LAST WEEK, when the NHL canceled its entire slate of games for the month of November in order to free up arenas dates, the league reportedly sent an accompanying memo to clubs.
Before immediately relinquishing dates to booking agents, the NHL wanted clubs to hang on to them for an additional couple of days - you know, in case last-ditch talks with the players' association proved meaningful.
We all know how that turned out. There are now eight additional dates available at the Wells Fargo Center next month.
We will have an even better idea how this 46-day-old lockout will turn out this week, since the NHL reportedly is set to bang the Winter Classic featuring Detroit and Toronto a full 2 months before the puck is set to drop in Ann Arbor, Mich., in front of the biggest crowd ever to witness an ice hockey game.
Before this lockout even began, many viewed the Winter Classic at Michigan's "Big House" as the NHLPA's biggest bargaining chip. The thinking is that the NHL would do anything in its power to make a deal and avoid sacrificing its biggest single-event revenue source.
Put simply, it's the only game the NHL can actually get viewers in the United States to tune into. Last season's Winter Classic at Citizens Bank Park averaged 3.75 million viewers on NBC; all six games of last spring's Stanley Cup finals between Los Angeles and New Jersey averaged 3 million viewers.
Add in the sold-out gate - which, with temporary seating, could approach 115,000 - along with crazy merchandise sales, sponsorships and the participation of a hockey-mad Canadian city for the first time, and you have an idea the type of rake the Winter Classic has been.
If the NHL were to ax the Winter Classic this week, as many reports have indicated, you can pretty much kiss the entire season goodbye.
For one, it would further reduce the amount of revenue available for players and owners to divide. With players taking an absolute reduction of revenue share regardless, receiving 50 percent (instead of 57 percent) of less is an even bigger bang to the wallet.
More important, it would represent an unwillingness on the NHL's behalf to bargain in good faith.
Canceling the Winter Classic at this point simply isn't a necessity.
According to an executed copy of the league's contract with the University of Michigan, as available in full on AnnArbor.com, the NHL has already paid $100,000 toward the $3 million venue rental fee.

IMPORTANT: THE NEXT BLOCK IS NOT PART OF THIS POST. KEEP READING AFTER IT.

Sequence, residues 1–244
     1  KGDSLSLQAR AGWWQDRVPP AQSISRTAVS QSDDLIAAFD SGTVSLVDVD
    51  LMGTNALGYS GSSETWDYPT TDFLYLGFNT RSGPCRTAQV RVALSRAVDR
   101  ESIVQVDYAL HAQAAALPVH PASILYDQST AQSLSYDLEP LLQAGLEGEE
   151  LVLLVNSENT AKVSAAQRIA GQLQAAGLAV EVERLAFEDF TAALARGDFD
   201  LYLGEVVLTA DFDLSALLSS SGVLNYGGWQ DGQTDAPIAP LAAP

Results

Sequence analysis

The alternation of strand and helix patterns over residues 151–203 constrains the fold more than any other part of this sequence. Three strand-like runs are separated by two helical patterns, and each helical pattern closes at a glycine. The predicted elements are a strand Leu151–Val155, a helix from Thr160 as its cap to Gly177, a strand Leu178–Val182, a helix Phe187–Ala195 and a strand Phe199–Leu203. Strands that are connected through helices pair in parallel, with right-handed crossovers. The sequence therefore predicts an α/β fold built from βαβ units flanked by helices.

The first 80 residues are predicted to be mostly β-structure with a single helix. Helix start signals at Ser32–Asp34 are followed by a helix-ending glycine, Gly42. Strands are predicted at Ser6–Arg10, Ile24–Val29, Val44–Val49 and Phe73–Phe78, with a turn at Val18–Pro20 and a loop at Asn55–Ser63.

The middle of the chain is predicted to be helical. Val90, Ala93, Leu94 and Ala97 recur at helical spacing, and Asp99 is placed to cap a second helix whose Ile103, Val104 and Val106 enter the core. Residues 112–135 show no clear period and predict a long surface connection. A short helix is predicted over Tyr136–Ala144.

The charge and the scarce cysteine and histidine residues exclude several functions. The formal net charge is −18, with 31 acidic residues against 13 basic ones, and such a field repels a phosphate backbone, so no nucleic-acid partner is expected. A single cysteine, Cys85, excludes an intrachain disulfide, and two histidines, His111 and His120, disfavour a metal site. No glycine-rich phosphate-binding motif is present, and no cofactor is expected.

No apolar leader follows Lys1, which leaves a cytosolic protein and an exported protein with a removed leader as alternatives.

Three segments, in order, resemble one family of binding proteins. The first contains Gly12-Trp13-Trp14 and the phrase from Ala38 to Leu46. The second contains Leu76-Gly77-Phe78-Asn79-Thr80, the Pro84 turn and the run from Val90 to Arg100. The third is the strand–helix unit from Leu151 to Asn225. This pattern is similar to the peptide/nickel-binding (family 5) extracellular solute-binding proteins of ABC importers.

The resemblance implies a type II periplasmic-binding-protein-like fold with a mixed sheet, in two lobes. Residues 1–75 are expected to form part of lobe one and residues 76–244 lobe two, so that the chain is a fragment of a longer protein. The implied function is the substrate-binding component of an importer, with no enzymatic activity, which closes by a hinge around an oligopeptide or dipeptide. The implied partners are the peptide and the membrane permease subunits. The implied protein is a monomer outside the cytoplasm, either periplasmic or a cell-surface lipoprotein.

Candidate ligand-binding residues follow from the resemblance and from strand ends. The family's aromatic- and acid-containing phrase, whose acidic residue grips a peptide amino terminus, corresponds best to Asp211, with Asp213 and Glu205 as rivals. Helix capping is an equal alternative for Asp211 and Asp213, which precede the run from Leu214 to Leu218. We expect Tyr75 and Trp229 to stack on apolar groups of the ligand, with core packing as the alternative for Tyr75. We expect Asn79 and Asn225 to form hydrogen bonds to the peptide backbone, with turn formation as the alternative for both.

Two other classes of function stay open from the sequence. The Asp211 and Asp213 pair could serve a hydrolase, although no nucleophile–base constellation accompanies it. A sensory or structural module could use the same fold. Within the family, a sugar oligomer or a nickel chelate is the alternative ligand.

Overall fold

Another $250,000 is due Friday. Another $1 million is due on Dec. 1, when the league would be given the keys to begin building the rink. A big chunk of the remainder is due on Dec. 28, just a few days before the Jan. 1 puck-drop, with some still due on Jan. 18.
According to the contract, the NHL can cancel the Winter Classic up until the day of the event, pretty much without penalty. With the exception of the $100,000 paid up front, every dollar toward the venue rental fee is refundable.
I don't pretend to know the first thing about event planning, especially one of this magnitude, but I would think that a league that has put on five of these outdoor festivals already has this down to a science by now.
Yes, there are tickets that would need to be refunded - and fans need advance notice as to booking hotels and/or flights. And the alumni, college hockey, AHL and major junior games will need to be moved indoors from Detroit's Comerica Park. Still, a drop-dead date of Dec. 1 should give everyone - broadcasters, sponsors, and other league entities - plenty of time to make alternate arrangements.
One thing that may need to be canceled sooner rather than later is HBO's award-winning "24/7" series featuring the Red Wings and Maple Leafs, which usually begins filming in the third week of November.
But for the NHL to walk away from $100,000 at the University of Michigan on Dec. 1 would be like one of us dropping a $20 on a bad bet. You pick up the pieces and move on.
The Winter Classic is the NHL's marquee regular-season event, the time of year when most casual hockey fans actually believe the season starts. For the die-hard fan, it is a triumphant celebration of what makes the game great. To cancel the game this week would be a slap in the face to all - including the players - and a sign to start looking for something else to cheer for this winter.
NHL players received escrow checks from their respective clubs on Tuesday, a return of 7.8 percent of last year's salary that was held. For players such as Ilya Bryzgalov, who earned $10 million, it was a whopping check worth approximately $780,000 in pre-taxed income . . . The Czech Republic's ice hockey federation fined its Chomutov club approximately $1,554 after its fans aimed racist chants at Flyers forward Wayne Simmonds during a contest on Sunday as a member of the Liberec White Tigers.
Contact Frank Seravalli at email@example.com. Follow him on Twitter @DNFlyers. For more Flyers coverage and opinion, read his blog at philly.com/FrequentFlyers.